Equity market weakness may be affecting commodities

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China news apparently boosted corn futures Wednesday morning. Although the market is still suffering from harvest pressure and from a sizeable Brazilian production forecast, prices rose modestly in early trading. That almost surely stemmed from overnight news that a private Chinese firm had bought 420,000 tonnes of U.S. corn last week. December corn futures gained 2.25 cents to $4.44/bushel around midsession Wednesday, while May added 2.0 cents to $4.6475.

Soybeans and meal remained rather weak this morning. Brazil’s CONAB stated forecast that country’s 2013/14 soybean production total in the 87.6-89.7 million tonne range, which essentially matched recent USDA predictions; that robbed the news of market-moving power. As a consequence, beans and meal seemingly continued suffering from U.S. harvest pressure. Oil futures rallied in response to Asian palm oil strength. The product markets are probably responding to the unwinding of meal/oil spreads as well. November soybeans inched 0.75 cent higher to $12.895/bushel in late Wednesday morning action, whereas December soyoil climbed 0.32 cents to 40.75 cents/pound, and December soymeal tumbled $2.9 to $412.0/ton.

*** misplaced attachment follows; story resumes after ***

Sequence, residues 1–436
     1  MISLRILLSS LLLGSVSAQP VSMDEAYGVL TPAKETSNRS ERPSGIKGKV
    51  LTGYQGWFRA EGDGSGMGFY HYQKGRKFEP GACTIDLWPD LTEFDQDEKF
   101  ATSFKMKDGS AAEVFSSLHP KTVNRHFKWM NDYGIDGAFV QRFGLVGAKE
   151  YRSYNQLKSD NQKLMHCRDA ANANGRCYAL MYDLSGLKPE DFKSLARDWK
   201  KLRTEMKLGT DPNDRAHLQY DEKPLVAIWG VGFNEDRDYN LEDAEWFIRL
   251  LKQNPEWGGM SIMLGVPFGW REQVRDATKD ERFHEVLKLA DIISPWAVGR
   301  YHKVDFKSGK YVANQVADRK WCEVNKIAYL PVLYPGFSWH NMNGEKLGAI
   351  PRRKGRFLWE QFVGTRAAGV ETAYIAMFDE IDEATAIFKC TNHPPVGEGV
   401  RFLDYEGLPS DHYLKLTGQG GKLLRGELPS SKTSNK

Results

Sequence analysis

Wheat futures turned slightly higher late Wednesday morning. CONAB’s estimate of Brazil’s forthcoming wheat crop largely matched USDA figures, so the news had little market impact. The golden grain outlook still seems rather promising when considering global demand strength, but prices have already risen rather substantially from late-summer lows. That may explain bulls’ recent inability to push prices decisively higher. December CBOT wheat edged up 0.25 cent to $6.9375 bushel just before lunchtime Wednesday, while December KCBT wheat rose 1.0 cent to $7.615, but December MGE futures rose 2.75 cents to $7.56.

Cattle futures may be suffering from equity market spillover. Bearish cattle traders can blame a portion of today’s weakness to a few delivery notices posted against expiring October futures and a partial South Korean ban on U.S. beef after some meat containing Zilmax was found yesterday. However, the ongoing decline in the equity indexes may also be worrying CME traders, since that implies reduced domestic beef demand. December cattle futures sank 0.45 cents to 131.87 cents/pound by late Wednesday morning, while April lost 0.52 to 134.55. Meanwhile, November feeder cattle dipped 0.25 cents to 166.07 cents/pound, and January skidded 0.45 to 166.12.

Cash and wholesale weakness may be undercutting hog futures. The livestock industry is still suffering from reduced information. Nevertheless, the weakness exhibited by the expiring October future this morning strongly suggests the short-term cash and/or pork outlook is less than promising at this juncture. The deferred contracts lost less ground. December hog futures tumbled 0.45 cents to 87.75 cents/pound as the lunch hour loomed Wednesday, while April fell 0.30 cents to 90.25.



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